Matt Pavelle

The Hardest Logic Puzzle in the World?

[Update 2012-12]:>

New Scientist (Vague Scientist?) had a writeup in their Christmas issue about The Three Gods problem, and linked to the following, "A simple solution to the hardest logic puzzle ever"...

Three Gods

In 1996, The Harvard Review of Philosophy published George Boolos' Three Gods logic puzzle, and as of now that holds the title of "hardest logic puzzle in the world".

Three gods A, B, and C are called, in no particular order, True, False, and Random. True always speaks truly, False always speaks falsely, but whether Random speaks truly or falsely is a completely random matter. The gods understand English, but will answer all questions in their own language, in which the words for yes and no are da and ja, in some order. You do not know which word means which.

The following clarifications are provided:

  • It could be that some god gets asked more than one question (and hence that some god is not asked any question at all).
  • What the second question is, and to which god it is put, may depend on the answer to the first question. (And of course similarly for the third question.)
  • Whether Random speaks truly or not should be thought of as depending on the flip of a coin hidden in his brain: if the coin comes down heads, he speaks truly; if tails, falsely.

Your task is to determine the identities of A, B, and C by asking three yes-no questions; each question must be put to exactly one god.

Blue Eyes

As with any other "[insert qualitative] [noun] in the world" statement, the "hardest logic puzzle in the world" is a moving target.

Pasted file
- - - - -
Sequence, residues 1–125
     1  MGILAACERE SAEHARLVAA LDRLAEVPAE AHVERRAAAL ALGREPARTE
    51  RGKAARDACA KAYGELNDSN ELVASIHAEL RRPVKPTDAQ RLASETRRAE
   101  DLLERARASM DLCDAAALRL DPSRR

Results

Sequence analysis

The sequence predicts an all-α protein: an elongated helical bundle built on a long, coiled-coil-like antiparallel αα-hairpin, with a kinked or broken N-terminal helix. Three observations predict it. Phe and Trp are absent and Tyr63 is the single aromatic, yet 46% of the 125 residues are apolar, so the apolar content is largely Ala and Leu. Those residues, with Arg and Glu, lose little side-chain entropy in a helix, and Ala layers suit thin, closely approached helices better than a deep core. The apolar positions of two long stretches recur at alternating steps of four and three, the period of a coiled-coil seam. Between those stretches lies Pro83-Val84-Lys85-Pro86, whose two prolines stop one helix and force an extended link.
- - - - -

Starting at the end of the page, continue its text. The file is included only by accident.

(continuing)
Prior to the Three Gods puzzle above, the Blue Eyes puzzle below was considered to be the hardest logic puzzle in the world.

A group of 201 silent people live on an island. There are 100 blue-eyed people, 100 brown-eyed people, and 1 golden-eyed Guru. All are perfect logicians: if a conclusion can be logically deduced, they will do so flawlessly and instantly.

None communicate via any means -- no speaking, no writing, no telepathy, etc. There are no mirrors or reflective surfaces, so no one knows their own eye color. Subsequently no one actually knows there are 100 blue-eyed people, 100 brown-eyed people, and 1 golden-eyed Guru on the island. As far as any person knows, there could be 101 brown, 99 blue, and 1 gold; or 100 brown, 99 blue, 1 green, and 1 gold. Everyone can see everyone else and can count the number of people they see with each eye color. Everyone on the island knows all the rules mentioned so far.

Every night at midnight a ferry stops at the island. Any islanders who have determined the color of their own eyes leave the island, all the others stay.

On one miraculous day, after endless years on the island, The Guru is manages to speak one sentence. Standing before the islanders, she says the following: "I can see someone who has blue eyes."

Who leaves the island, and on what night?

The solutions to both problems can be readily found via searching, but if you break them down and start with a simple premise, you might be surprised at how accessible these puzzles are.